Apparently I’ve given more thought on to ARToolkit these days (mainly due to my research), so that it makes me attempt different things with it. Consequently I’ll be writing a series of posts pertaining to my small experiments for future references. I know it’s pretty boring stuff, talking about a dull subject again and again… but it merely gives us a sensation when doing it physically (particularly when you have nothing left to do 😉 ). In general everybody feels great when their imaginations turn into a physical realization.
So… enough lecturing & let me keep aside my talking. In today’s post I’ll cover-up the installation of ARToolkit in Ubuntu 10.04. I successfully installed it several days back. It looks pretty straightforward, according to ARToolkit’s documentation (http://www.hitl.washington.edu/artoolkit/documentation/usersetup.htm#comp_linux) . However there are a couple of conditions to be met before you compile ARToolkit in Linux. I’m not an expert in Linux and because of that it took me a fair amount of time to make the application work. But I think it’s not going to be an issue provided we follow the necessary steps (thanks to the Internet!).
First it requires GLUT (OpenGL Utility Toolkit) libraries to be installed. So I issued the following command and that’s it.
sudo apt-get install freeglut3-dev
This installs the GLUT headers and libraries which in turn can be used when building OpenGL applications. After the installation, the headers could be found at /usr/include/GL.
Next, we should install the V4L2 driver, which is a generic device driver for USB web cams. So I plugged-in my web cam and then went through steps mentioned in here for V4L2 installation. After that I can ensure that my webcam has been integrated with Linux kernel by going to /dev and there you’ll find your webcam attributed as video0 or something. In my case it’s /dev/video0. Now I wanted to capture some video with my webcam. For this purpose I installed a software called Cheese (a totally irrelevant name though) with the following command.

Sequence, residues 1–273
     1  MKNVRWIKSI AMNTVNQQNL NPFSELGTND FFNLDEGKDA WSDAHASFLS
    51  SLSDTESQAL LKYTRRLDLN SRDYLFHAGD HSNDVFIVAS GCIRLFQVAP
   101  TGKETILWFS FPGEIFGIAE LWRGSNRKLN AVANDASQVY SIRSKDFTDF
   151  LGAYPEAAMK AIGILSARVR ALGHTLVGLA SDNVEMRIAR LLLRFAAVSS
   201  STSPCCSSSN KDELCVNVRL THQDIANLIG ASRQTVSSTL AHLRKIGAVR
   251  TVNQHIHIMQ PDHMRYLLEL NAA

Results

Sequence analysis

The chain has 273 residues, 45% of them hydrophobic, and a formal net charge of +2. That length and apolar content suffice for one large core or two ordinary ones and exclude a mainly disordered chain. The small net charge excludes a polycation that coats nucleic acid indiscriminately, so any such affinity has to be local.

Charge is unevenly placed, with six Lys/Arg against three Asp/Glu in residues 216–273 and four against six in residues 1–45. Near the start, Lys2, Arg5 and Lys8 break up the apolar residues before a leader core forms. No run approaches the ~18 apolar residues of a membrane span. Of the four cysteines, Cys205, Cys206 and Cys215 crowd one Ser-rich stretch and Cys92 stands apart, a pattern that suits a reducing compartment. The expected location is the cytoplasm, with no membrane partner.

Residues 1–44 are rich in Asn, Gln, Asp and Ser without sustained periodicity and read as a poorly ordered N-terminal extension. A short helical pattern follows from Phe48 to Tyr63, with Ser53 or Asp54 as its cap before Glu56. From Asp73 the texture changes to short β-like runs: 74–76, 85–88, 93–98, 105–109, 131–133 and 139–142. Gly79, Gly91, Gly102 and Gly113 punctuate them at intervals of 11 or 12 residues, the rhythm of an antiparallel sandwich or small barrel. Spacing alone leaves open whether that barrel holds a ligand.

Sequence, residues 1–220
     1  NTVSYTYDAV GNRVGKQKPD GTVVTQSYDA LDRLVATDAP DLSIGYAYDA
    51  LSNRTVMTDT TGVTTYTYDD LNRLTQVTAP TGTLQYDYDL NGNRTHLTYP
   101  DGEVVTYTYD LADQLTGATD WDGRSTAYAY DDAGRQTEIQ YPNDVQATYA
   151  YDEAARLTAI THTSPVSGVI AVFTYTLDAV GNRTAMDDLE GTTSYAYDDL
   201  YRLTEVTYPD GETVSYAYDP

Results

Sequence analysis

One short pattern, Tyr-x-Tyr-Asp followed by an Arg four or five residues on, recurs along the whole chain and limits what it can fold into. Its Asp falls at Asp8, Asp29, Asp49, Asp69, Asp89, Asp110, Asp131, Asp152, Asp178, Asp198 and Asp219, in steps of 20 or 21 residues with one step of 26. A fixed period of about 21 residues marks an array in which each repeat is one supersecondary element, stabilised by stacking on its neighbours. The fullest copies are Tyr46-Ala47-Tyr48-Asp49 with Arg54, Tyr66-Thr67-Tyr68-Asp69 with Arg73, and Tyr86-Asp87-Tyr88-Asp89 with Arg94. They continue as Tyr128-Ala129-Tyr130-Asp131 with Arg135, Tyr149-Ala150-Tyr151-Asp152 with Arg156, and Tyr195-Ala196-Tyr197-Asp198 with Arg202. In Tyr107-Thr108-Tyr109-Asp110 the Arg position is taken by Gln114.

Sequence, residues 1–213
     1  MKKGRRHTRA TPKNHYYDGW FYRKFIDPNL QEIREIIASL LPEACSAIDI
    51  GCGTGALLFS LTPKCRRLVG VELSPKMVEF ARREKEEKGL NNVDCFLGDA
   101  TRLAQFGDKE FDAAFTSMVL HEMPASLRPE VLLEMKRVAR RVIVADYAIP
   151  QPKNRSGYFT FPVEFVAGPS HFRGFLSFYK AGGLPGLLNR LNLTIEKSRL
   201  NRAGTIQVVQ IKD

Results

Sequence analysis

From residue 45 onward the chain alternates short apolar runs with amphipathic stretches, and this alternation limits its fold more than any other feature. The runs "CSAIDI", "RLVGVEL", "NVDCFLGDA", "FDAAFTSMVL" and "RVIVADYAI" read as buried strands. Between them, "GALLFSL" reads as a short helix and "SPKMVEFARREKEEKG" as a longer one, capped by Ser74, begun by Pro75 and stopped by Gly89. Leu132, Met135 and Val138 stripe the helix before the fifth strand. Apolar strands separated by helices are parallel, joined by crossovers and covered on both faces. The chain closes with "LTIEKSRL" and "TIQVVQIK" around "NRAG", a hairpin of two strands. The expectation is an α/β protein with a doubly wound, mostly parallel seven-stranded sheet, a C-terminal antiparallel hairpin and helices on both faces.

sudo apt-get install cheese
I ran Cheese and Yes!! It worked like a charm. But that joy lasted until I compiled ARToolkit. So… compiling ARToolkit was done with the traditional ./Configure and make command sequence. After giving the command ./Configure ARToolkit provided five options for establishing the camera connection.
Select a video capture driver.
- Video4Linux+JPEG Decompression (EyeToy)
- Digital Video Camcoder through IEEE 1394 (DV Format)
- Digital Video Camera through IEEE 1394 (VGA NONCOMPRESSED Image Format)
- GStreamer Media Framework
I chose the first option which was obviously V4L2. But then I got the following error.
No video config string supplied, using defaults.
error: acquireing channel(0) info
After Googling a little bit I found that the option 5 has been recommended for camera connection which is the GStreamer Media Framework. The results claimed that option 1 didn’t seem to be working. However if we are to use GStreamer we must issue the following command before compiling ARToolkit.
export ARTOOLKIT_CONFIG=”v4l2src device=/dev/video0 ! video/x-raw-yuv,bpp=24,width=320,height=240 ! identity name=artoolkit ! fakesink”
What we are doing here is just creating an Environment Variable named ARTOOLKIT_CONFIG which in turn is used by ARToolkit to supply the camera configuration string. Later I found that we can give this camera configuration string inside our code as well. It’s really important to provide the correct width and height parameters since it might not work for any value. So it’s all about trial and error.
Having gone through this procedure I was successful in compiling and installing ARToolkit in Ubuntu 10.04. Here with I provided a screen capture of the SimpleTest application which you can find under the example directory in your ARToolkit installation folder.
Thank you! and any comments are invited.